The revision of the dates of the Trials has altered, the embarkation arrangements and passengers will now join the ship by tender from Gourock Pier on Sunday evening, 22 December, the ship sailing on Monday, 23rd December, at 10.00am. (There follows instructions re times of the special trains to Glasgow, Baggage Allowance etc.) Embarkation: Passengers will not be allowed to embark before 6pm, nor can they embark on the Monday morning. Arrival Southampton: The ship is due to berth at the Ocean Terminal at 9.30am.

The Technical Trials: We shall be testing the main and auxiliary machinery, simulating breakdowns, exercising damage conditions, etc.
We shall overload equipment intentionally and this could result, for example, in temporary light failure in some sections of the ship. We shall hope to give you ample warning. We did not expect failures, but when testing newly installed machinery, we must expect occasional breakdown. A large number of people are involved in these trials, but they will not, in general, be concerned with the ‘hotel’ exercises.

Exercising the hotel facilities: As you know, QE2 can carry 2,025 passengers and 1400 people can sit down at once in her restaurants. There are only 570 of us taking part in the ‘hotel’ exercise, and with that number we have to simulate a full shop. We plan to do this by asking groups of you to turn up at specific times for particular functions.

Each passenger will be given a number from 1 to 570. This is your Guinea-Pig number and will be shown with your name on a pin-on card. (My number was 480 and I have a note that they couldn’t find mine so I had to make one for myself!) We would ask you to wear this card for any exercise in which you, by your number, are specially invited to take part, for this will assist the monitoring officers to assess the exercise properly.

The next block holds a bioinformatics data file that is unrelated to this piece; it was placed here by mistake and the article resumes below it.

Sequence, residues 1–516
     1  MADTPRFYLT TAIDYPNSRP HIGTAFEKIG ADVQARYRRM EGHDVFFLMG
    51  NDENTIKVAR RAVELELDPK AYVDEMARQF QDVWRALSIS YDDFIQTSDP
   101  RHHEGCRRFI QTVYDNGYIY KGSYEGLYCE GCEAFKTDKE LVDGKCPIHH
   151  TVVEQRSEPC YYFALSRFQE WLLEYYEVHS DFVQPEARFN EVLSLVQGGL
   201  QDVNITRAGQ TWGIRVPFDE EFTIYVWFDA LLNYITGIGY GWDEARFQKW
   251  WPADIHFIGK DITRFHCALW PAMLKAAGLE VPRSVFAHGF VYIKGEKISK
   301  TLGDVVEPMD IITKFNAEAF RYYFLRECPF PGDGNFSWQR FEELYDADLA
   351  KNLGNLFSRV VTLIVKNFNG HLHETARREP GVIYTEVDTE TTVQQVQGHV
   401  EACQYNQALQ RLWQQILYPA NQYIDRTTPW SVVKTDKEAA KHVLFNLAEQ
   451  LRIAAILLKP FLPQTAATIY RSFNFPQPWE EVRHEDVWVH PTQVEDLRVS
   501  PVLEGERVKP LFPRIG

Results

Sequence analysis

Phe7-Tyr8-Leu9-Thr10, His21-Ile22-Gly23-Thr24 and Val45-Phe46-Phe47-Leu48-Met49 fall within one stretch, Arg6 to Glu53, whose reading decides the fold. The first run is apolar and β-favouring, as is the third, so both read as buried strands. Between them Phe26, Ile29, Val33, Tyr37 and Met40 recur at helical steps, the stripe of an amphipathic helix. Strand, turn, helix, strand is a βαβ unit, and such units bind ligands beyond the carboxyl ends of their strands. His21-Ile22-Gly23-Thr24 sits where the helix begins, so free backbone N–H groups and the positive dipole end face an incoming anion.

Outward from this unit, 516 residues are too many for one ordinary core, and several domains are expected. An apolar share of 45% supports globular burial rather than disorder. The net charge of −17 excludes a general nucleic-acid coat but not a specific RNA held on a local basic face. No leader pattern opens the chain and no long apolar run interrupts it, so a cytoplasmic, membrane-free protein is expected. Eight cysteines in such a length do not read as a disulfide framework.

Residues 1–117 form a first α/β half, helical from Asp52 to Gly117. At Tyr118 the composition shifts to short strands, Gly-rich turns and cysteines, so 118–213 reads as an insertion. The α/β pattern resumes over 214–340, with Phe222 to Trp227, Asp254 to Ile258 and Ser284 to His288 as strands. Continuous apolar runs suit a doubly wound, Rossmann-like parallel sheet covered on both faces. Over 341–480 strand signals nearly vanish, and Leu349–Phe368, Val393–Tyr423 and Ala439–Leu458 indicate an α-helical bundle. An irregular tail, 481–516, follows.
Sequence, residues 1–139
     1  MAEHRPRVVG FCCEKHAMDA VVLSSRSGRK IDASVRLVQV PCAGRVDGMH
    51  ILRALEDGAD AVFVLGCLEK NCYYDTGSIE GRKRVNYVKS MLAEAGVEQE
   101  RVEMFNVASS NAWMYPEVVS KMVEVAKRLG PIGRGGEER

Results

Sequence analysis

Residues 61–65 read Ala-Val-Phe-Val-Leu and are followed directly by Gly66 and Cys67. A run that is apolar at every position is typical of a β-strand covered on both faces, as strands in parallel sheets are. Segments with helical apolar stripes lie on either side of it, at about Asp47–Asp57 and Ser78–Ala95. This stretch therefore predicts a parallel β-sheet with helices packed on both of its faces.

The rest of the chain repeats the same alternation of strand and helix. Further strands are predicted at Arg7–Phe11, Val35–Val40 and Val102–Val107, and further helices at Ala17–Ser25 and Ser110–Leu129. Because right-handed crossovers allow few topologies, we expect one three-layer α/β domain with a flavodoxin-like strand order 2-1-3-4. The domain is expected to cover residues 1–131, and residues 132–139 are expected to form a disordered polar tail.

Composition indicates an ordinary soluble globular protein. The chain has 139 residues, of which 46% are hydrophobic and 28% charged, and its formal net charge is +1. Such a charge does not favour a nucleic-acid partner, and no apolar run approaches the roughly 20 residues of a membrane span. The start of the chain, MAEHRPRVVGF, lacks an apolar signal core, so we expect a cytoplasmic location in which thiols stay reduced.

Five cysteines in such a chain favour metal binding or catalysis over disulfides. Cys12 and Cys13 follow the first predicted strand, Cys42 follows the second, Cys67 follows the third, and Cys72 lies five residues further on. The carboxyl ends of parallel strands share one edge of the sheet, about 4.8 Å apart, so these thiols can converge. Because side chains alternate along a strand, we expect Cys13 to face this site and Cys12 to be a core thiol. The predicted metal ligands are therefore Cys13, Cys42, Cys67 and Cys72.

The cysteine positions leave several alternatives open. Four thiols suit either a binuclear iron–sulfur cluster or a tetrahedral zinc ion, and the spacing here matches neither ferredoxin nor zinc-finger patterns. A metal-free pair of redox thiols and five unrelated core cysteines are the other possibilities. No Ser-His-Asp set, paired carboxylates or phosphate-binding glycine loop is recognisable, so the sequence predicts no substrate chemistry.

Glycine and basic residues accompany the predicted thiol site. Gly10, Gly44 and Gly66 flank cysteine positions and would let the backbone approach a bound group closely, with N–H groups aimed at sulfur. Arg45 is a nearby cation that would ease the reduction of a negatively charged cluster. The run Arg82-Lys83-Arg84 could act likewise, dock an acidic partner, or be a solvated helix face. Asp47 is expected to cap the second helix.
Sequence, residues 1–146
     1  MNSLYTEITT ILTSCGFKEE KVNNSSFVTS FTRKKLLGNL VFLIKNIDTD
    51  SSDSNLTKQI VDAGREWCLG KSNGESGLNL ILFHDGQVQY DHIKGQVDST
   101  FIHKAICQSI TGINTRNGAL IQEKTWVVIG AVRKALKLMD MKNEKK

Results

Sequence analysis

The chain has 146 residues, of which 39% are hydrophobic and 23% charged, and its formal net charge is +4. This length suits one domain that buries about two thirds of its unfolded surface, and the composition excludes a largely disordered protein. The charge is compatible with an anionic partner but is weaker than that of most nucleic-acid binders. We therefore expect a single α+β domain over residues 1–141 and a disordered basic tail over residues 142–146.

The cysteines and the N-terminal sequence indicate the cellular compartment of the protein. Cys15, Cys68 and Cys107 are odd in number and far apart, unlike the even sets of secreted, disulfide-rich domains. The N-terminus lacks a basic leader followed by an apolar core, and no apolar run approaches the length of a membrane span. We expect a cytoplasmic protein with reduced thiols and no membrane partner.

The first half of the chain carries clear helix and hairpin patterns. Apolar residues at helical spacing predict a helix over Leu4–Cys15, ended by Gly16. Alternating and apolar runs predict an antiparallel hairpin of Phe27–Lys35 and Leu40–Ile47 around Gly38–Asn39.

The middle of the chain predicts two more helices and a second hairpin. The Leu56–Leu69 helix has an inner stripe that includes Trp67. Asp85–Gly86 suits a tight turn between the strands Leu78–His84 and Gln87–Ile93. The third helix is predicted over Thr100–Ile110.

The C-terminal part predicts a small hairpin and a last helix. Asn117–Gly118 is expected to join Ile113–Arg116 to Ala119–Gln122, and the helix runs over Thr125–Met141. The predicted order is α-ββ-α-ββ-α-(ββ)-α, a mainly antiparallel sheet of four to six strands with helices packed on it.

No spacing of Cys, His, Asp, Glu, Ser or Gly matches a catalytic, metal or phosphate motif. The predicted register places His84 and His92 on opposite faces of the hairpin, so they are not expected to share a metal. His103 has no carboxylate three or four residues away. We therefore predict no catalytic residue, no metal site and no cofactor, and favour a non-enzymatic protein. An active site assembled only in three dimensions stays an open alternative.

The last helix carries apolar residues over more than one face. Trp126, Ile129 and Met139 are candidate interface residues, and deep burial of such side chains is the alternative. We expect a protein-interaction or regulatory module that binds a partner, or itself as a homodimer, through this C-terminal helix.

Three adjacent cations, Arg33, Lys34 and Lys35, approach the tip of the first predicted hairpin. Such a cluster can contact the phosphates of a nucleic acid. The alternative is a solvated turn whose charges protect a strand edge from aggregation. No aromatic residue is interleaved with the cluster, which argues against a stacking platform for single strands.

Your next day’s activities, and whether they are compulsory or not, will be shown in the Daily Programme which will be placed in your cabin during the evening. We have tried to keep the compulsory items to a minimum and also to spread the load fairly amongst all those taking part.

There follows in four pages: Information on what Guinea-Pigs duties/instructions will be in respect of Cabins/Breakfast/Restaurants/Deck Buffet/Public rooms/Theatre/Evening entertainment/ Photographing QE2 (this took place in Las Palmas)/Coffee shop and snacks in Public Rooms after 9pm/Hairdressing, laundry etc./Safety.
NB For Example - ‘Restaurants’:
The Britannia Restaurant will normally operate two sittings of about 800. In the section of the restaurant we shall use there will be only one sitting, but to simulate a full ship we shall ask you to arrive at a different time on certain days and always to turn up for your meal within a 15 minute period.
In order to test the Columbia Restaurant (seating 500) and Grill Room (seating 100) to capacity, you may be requested to take empty places at tables already occupied by guests.

Did I stay in touch with the trainees? I did for a short while after the trial, visiting them in Southampton when the ship docked there, but once it started cruising, we lost touch.

Did too many people show up at one time and overwhelm the staff? As you will have read above we, the Guinea-Pigs, were given instructions to show up at certain bars or restaurants etc. at specific times. These instructions were duly followed but I really don’t know the ‘official’ outcome.


23rd December: 10.15am Went on deck to see ship leave at 11.15. Took photos of ship, Polaris Subs, Holy Lock Mountains. Down to cabin to collect papers to find flooding of loo pipe. Message over the tanoid, then 7 men arrived! 3.00pm Had to put on Mai Wests to go to Boat Station for Passenger Boat Drill.
Otherwise mostly about working in the Print Shop or the evening’s entertainment.

I hope you find the above interesting and will close now. I hope you are finding the QE2 in Dubai on TV programme fascinating. How things have changed, but she is still beautiful and “Long May She Reign”.

Working in the Print Shop during the Acceptance Trials, 1968-69.

Offline June Ingram

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These are great remembrances, Pat ! Many thanks and please write more when and as you can ! June  :)